Why kerosene scarcity rages in Bayelsa

The renewed operations of the Joint Task Force (JTF) deployed to protect oil facilities in the Niger Delta against illegal refineries has resulted to shortage of kerosene to residents in Bayelsa State.
Kerosene scarcity was sequel to a raid by the joint military force, Operation Delta Safe, to illegal refinery sites in Okaki, Rivers State and Nembe in Bayelsa State.
Checks in Yenagoa at the weekend indicated that the bulk of kerosene and diesel used by residents in Bayelsa were sourced from the two sites, which were destroyed by the troops.
It was further gathered that residents preferred kerosene sourced from the ‘local refineries’ because it is cheaper and lasts longer than the ones sourced from the established distribution channels.

Mrs Ebiere James, a housewife, said that the price of kerosene has increased astronomically within the past few weeks and made the commodity unaffordable to most households.
“The scarcity of kerosene has brought untold hardship to us in Bayelsa. Kerosene is now costlier than gas. Before now, a 75 litres plastic bottle for the ‘Asari’ (illegally refined) sold for N100 but now it is N250.
“The 150 litres bottle which was sold for N200 now sells for N500. How then can we cope when the filling stations in Bayelsa do not stock the ‘white’ kerosene (legally refined) kerosene.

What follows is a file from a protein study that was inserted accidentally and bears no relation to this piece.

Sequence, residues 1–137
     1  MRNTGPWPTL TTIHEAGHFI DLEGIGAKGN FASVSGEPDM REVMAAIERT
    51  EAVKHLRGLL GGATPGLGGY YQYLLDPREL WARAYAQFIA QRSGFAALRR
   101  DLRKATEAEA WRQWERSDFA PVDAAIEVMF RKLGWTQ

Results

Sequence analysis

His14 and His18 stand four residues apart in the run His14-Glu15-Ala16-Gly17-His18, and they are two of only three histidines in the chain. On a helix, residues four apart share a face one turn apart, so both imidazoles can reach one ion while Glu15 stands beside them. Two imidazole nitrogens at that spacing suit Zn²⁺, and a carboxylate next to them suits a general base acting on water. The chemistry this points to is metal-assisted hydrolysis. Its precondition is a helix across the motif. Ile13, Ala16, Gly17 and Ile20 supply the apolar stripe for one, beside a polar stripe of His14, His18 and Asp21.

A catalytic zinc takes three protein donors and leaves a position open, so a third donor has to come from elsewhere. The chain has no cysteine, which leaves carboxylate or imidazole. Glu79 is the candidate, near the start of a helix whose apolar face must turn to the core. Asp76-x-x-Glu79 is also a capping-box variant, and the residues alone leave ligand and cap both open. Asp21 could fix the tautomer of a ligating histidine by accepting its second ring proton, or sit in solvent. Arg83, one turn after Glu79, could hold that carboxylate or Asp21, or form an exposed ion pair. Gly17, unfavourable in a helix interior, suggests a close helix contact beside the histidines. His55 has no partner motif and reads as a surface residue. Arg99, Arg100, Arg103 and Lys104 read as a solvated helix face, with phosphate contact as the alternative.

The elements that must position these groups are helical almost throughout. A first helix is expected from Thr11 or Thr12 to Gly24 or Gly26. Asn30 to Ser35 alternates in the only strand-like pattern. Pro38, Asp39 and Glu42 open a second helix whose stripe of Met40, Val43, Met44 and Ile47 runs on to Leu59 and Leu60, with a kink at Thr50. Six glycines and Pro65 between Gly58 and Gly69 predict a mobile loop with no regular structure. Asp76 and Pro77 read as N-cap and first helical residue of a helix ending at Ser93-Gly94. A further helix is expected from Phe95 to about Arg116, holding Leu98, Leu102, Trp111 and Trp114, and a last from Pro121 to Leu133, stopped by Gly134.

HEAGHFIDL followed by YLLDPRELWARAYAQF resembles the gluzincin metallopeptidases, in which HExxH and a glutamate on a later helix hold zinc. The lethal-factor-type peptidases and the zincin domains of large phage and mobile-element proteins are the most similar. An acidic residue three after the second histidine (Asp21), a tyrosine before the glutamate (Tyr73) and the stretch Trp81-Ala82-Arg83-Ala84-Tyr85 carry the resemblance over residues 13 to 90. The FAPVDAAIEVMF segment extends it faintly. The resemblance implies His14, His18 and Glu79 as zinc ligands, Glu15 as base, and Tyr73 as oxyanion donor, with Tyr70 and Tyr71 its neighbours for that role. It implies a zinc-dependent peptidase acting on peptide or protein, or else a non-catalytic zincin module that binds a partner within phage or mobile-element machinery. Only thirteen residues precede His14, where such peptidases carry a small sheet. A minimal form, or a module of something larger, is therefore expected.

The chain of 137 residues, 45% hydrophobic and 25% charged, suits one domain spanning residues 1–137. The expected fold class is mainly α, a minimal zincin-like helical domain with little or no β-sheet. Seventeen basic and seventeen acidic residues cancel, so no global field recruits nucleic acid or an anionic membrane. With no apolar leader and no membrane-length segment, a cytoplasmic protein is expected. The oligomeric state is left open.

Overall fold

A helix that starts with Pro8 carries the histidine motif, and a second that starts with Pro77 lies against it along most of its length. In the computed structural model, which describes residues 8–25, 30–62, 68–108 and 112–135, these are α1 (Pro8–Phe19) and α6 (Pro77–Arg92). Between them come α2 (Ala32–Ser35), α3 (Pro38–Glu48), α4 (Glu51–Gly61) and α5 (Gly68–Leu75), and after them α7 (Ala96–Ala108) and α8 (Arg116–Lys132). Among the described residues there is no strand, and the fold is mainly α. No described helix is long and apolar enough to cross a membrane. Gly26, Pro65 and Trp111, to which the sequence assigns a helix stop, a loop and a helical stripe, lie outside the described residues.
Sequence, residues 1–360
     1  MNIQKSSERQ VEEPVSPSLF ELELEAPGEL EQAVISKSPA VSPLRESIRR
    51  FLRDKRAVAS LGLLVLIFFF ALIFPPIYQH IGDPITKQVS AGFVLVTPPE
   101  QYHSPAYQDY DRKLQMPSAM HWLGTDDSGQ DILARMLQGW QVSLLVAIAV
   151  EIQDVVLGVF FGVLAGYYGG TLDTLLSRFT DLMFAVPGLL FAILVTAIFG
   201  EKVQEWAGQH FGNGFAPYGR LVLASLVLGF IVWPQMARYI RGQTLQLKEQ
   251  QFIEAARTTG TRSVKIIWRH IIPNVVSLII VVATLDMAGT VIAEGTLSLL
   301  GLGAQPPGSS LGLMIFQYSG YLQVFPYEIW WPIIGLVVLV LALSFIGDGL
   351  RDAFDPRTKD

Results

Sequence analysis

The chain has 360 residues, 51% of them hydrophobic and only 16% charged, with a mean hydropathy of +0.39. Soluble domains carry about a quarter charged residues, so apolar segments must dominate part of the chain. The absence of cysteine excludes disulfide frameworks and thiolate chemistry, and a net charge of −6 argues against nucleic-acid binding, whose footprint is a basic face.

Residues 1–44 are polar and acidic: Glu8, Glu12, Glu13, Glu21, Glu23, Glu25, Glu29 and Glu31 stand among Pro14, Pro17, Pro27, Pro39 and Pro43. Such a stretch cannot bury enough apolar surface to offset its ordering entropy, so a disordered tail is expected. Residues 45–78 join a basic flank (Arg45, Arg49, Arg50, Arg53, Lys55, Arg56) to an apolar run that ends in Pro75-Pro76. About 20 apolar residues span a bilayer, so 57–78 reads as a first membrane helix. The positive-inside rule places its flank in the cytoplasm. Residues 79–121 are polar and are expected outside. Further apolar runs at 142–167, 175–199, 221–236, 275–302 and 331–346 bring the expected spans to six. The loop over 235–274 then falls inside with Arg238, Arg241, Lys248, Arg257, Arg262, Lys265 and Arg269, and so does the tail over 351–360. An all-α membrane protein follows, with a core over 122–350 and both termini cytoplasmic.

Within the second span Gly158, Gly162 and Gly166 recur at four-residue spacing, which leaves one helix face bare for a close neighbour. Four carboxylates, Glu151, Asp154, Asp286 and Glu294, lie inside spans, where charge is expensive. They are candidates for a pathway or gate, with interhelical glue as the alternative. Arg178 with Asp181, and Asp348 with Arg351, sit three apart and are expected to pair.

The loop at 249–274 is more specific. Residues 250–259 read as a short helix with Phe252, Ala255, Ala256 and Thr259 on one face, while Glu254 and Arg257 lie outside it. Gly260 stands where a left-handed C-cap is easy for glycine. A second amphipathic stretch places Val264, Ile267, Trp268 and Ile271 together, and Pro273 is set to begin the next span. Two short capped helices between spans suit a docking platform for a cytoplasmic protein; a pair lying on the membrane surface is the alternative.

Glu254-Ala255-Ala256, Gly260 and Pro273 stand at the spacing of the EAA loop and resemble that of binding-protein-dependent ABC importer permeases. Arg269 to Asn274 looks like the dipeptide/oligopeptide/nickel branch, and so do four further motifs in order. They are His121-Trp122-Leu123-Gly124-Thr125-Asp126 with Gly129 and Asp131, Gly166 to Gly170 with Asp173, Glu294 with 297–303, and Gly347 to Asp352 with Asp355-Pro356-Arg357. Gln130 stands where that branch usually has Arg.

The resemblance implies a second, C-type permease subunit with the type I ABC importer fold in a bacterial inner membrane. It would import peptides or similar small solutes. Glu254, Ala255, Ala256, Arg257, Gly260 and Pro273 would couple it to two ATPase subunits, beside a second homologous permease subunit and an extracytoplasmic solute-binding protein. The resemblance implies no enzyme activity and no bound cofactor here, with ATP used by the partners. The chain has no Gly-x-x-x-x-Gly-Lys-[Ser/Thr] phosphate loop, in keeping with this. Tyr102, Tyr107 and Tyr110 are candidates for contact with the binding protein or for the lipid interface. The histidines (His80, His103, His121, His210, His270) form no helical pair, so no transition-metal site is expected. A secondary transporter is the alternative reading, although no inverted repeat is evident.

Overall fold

“The last time the NNPC mega station sold kerosene to the public in Yenagoa was in 2016, now the high cost of Asari kerosene is making people to consider using gas but the cost of cylinders and gas stoves is another obstacle,” James said.

Mr Same Yabririfa, who sells kerosene said on Sunday that the destruction of the bush refineries in Okaki and Nembe has adversely affected supply of locally refined kerosene.
“These two sites are the major sources of kerosene and diesel in Bayelsa because they supply us in large quantities, even tankers come and load there and you know that regular filling stations cannot stand their competition.
“I tried sourcing the ‘white’ kerosene from a filling station and they told me that a 20 litre jerry can is N7,500 which amounts to N375, if I buy at that rate, how much will I sell?,” Yabririfa asked.
On the renewed clampdown on oil thieves, spokesman of JTF in the Niger Delta, Major Ibrahim Abdullahi, said that the joint force recently introduced the use of heavy equipment to destroy the oil distillation sites.
He said that the special equipment deployed by the troops crush the items used at the camps and make it economically not feasible for them to restart operation.
“The JTF has been carrying out massive metallic operations using swamp buggy against illegal refineries all over the joint operation area for over one month now.
“This new strategy was recently deployed by Commander of Operation Delta Safe, Rear Admiral Suleiman Apochi, in our operations and it makes it difficult for them to reassemble and resume operation after raids,” Abdullahi said.

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